Politics, therefore, is the main reason why India has lost some of the dynamism of recent years. Growth in the last quarter of 2011 was the slowest in nearly three years. As the Financial Times wrote in an editorial, “comatose policymaking risks making it even slower. For the Indian economy to steam ahead as it should, it is essential that Delhi’s ability to govern the country is restored. But this is impossible given the growing influence of India’s regional parties, which can frustrate government action when this does not meet local demands.”
The Indian political system has become increasingly corrupt. Some Indian analysts trace this to the decision taken by prime minister Indira Gandhi in 1967 to outlaw corporate contributions. She did this to cripple a right wing opposition movement that had the support of big business. As Prem Shankar Jha wrote in the magazine Tehelka, the harm done by this move was “beyond measure”. Elections are expensive: a typical Indian constituency might have 1,000 villages and to reach them and provide food to the constituents, a common practice in South Asia, results in costs that are beyond the means of most politicians. This has resulted in the entry of the very rich into politics or an alliance between politicians and those who draw a significant proportion of their income and wealth from illegal pursuits. According to one observer of the Indian political scene, ‘criminals and wealthy politicians regularly dole out cash in return for votes. Criminals have other attractions for voters, who tend to favour strong men who can protect their interests in constituencies in which caste divisions are sharpest. Indeed, the breakdown of the criminal justice system means that an innocent person’s name can be easily tarnished by a politically motivated charge that might take decades to be resolved.’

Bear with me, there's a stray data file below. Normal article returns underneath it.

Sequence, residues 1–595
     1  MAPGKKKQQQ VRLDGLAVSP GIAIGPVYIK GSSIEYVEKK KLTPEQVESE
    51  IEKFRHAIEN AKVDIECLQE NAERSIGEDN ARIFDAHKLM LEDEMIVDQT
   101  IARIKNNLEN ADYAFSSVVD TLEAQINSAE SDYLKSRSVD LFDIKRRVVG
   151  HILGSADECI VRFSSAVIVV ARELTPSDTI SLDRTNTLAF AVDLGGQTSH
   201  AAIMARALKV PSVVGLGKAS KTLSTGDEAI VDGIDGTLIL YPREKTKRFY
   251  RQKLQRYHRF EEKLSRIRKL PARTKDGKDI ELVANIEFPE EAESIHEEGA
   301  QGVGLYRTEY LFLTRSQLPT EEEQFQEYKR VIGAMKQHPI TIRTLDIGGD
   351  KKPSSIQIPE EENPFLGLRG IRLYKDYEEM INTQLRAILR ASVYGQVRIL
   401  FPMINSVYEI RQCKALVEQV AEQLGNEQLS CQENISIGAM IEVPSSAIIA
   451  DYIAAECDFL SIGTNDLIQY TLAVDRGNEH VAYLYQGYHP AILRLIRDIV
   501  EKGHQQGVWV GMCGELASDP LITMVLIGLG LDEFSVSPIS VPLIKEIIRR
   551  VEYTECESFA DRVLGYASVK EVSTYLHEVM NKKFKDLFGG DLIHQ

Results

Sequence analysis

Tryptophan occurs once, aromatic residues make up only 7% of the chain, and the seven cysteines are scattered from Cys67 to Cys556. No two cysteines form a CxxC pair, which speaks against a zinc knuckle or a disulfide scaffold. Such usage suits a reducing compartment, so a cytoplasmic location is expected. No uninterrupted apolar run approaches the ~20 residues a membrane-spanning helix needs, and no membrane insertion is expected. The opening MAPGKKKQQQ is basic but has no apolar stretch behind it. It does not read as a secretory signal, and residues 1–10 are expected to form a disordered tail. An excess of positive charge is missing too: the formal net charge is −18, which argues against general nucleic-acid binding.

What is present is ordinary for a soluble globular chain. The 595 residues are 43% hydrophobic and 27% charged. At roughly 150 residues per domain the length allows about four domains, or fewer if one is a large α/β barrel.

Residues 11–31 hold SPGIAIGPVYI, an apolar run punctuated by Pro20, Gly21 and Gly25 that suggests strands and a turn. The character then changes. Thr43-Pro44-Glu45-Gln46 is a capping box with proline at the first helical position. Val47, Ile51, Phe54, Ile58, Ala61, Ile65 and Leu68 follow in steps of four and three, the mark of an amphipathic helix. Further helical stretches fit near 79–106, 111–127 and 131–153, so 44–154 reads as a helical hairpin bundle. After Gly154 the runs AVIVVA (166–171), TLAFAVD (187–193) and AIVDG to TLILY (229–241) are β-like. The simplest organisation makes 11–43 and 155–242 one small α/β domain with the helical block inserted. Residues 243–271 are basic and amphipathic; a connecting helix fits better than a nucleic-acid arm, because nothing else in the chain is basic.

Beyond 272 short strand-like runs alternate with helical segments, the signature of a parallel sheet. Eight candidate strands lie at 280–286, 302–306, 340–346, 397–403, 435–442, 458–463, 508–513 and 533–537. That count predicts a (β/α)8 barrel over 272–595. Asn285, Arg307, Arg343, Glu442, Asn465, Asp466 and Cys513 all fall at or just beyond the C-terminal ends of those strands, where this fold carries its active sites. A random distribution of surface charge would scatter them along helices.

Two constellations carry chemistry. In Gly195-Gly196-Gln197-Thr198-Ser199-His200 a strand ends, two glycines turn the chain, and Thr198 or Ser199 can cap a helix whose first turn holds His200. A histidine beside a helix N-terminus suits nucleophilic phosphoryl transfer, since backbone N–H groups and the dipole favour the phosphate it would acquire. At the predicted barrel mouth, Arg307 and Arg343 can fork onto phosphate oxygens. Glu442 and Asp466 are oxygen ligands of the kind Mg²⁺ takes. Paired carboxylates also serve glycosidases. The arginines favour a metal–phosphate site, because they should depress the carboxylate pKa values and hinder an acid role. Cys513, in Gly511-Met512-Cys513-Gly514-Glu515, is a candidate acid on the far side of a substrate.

Some data collected by the Association for Democratic Reforms, an advocacy group, show the extent of the penetration of crime into politics. In the state of Uttar Pradesh, of the 2,000 candidates from the main parties contesting, more than a third faced criminal charges. ‘Despite a nationwide campaign against corruption last year, the percentage of the candidates facing criminal charges has risen to 35 per cent from 28 per cent since state elections were held in 2007. At least 30 candidates were incarcerated.’
There are three important lessons Pakistan can draw from the Indian experience. What India has seen in terms of localisation of politics has also begun to happen in Pakistan. This will make economic decision-making even more difficult than now. However, dynastic politics will prove hard to replace in Pakistan as has been the case in India. Some of the corruption in the political system in Pakistan is the result of the state’s inability to provide for elections expenses and also to control them. There is a great deal to be careful about as Pakistan’s political evolution moves forward and follows the course India has taken.
Published in The Express Tribune, March 19th, 2012.
Correction: An earlier version of the article incorrectly named “Bahujan Samaj Party” as “Bahjan Janata Party”. The error has been rectified.